We snuck in at night and nobody knew we got there. And before I knew it I was in Ontario and on my one month rehab leave after an overseas tour. Nobody knew we came back except our own families. There was no reception, not for us. Maybe the previous units had, but not us. We learned when we got home how unaware a great many people were. You were still able to go out on the road in your uniform, your Canadian uniform, and hitchhike and get a ride very quickly. Because this was still only 1952 but the general population, they knew about the war. They would get a little bit of news on the radio. Television was just making its daybreak so to speak here. So there wasn’t a whole lot of coverage about it in the newspaper and the radio and maybe Maclean’s or something like that. So they were not knowledgeable about it.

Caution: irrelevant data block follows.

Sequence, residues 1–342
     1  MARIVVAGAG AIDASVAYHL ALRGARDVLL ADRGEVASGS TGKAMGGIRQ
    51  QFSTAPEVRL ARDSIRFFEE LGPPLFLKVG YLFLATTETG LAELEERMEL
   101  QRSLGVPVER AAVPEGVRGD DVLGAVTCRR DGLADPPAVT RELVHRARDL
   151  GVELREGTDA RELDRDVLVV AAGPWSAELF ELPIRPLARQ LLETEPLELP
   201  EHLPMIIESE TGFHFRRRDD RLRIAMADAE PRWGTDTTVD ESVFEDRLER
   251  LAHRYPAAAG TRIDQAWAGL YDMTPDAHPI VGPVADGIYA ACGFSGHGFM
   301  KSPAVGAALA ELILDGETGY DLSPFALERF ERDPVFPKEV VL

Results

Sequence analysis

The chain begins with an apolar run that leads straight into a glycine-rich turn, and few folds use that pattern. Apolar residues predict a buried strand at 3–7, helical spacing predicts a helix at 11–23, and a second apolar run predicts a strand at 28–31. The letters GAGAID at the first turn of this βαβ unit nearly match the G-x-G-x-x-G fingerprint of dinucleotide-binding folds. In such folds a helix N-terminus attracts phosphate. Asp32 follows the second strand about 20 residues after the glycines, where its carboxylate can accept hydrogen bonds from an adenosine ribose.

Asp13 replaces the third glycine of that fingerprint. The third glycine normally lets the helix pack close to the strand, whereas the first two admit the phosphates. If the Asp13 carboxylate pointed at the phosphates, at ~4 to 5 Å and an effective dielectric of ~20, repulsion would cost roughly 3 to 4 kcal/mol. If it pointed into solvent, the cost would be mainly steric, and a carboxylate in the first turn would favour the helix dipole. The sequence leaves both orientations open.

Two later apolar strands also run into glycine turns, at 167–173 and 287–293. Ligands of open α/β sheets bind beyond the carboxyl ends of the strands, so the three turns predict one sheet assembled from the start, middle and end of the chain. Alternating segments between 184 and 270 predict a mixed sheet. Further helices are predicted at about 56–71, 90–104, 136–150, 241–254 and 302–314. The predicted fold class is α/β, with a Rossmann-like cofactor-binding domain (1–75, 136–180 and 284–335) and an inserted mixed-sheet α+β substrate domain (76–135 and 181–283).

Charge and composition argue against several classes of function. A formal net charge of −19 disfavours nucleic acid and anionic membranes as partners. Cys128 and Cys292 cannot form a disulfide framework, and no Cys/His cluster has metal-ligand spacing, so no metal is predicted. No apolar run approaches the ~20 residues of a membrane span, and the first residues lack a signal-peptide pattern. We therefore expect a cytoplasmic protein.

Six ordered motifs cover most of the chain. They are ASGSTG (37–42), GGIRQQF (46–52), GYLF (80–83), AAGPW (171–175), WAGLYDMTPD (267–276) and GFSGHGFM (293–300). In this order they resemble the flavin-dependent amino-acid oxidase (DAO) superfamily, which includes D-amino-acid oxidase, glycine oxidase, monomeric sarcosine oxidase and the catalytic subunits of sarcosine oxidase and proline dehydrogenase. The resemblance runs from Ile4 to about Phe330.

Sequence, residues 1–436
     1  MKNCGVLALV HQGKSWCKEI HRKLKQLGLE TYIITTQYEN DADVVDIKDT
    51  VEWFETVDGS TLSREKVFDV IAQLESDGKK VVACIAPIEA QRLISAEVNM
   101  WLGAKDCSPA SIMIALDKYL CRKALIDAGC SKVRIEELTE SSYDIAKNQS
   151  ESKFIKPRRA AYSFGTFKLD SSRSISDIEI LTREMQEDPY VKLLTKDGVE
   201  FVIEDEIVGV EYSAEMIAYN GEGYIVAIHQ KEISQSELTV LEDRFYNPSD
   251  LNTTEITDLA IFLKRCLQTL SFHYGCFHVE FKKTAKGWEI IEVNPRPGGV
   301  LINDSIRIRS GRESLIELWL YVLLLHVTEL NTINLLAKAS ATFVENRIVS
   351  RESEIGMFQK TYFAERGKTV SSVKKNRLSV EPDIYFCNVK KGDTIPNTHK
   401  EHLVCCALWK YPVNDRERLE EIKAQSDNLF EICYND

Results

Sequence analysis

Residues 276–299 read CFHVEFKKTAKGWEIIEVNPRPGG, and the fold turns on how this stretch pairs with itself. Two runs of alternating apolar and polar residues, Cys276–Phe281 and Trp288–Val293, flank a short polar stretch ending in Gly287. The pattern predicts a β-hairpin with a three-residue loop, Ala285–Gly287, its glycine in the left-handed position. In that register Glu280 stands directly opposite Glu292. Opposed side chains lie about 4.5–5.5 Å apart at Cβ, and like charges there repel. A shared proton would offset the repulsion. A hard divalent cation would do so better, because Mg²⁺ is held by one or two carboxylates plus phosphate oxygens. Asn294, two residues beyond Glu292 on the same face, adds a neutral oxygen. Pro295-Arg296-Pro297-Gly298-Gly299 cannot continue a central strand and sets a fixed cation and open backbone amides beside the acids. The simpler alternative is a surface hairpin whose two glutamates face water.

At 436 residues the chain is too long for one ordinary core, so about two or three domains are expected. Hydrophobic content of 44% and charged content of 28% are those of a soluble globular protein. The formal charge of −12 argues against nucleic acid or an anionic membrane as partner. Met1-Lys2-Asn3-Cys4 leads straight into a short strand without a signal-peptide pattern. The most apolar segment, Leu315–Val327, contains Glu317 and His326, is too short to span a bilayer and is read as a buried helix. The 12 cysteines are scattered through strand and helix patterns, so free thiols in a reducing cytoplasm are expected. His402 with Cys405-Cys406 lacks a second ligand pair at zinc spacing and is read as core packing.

Well other than the name it is Remembrance. It’s honouring those who have gone before you and who lost so much so that we can have the things that we do have in this country and other countries. It was a strange thing in a way, when we first landed in Korea, at one point we had a drum-head service with the minister, the Reverend; the Chaplain Corps put it on. And that was fine but I was – shortly after that we had a recreational night and it was a film and there was a film which portrayed the German army in the First [World] War. And they were holding a drumhead service. So here were the two armies praying to the same God to kill the other guy. And that kind of took a lot of the sense out of it. But as to what Remembrance Day itself means, as I say, it’s honouring and remembering those who have gone, who are still with us who are in trouble or not in trouble, like myself. My wife and I, we’re quite happy, living quite comfortably. But there are a lot of people out there who aren’t and they need to be remembered too.